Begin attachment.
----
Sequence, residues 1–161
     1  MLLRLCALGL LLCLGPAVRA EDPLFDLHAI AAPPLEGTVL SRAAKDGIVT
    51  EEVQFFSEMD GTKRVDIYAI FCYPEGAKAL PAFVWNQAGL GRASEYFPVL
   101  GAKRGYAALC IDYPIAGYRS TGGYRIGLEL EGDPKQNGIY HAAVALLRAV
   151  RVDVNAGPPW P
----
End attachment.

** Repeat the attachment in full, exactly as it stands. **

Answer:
Sequence, residues 1–161
     1  MLLRLCALGL LLCLGPAVRA EDPLFDLHAI AAPPLEGTVL SRAAKDGIVT
    51  EEVQFFSEMD GTKRVDIYAI FCYPEGAKAL PAFVWNQAGL GRASEYFPVL
   101  GAKRGYAALC IDYPIAGYRS TGGYRIGLEL EGDPKQNGIY HAAVALLRAV
   151  RVDVNAGPPW P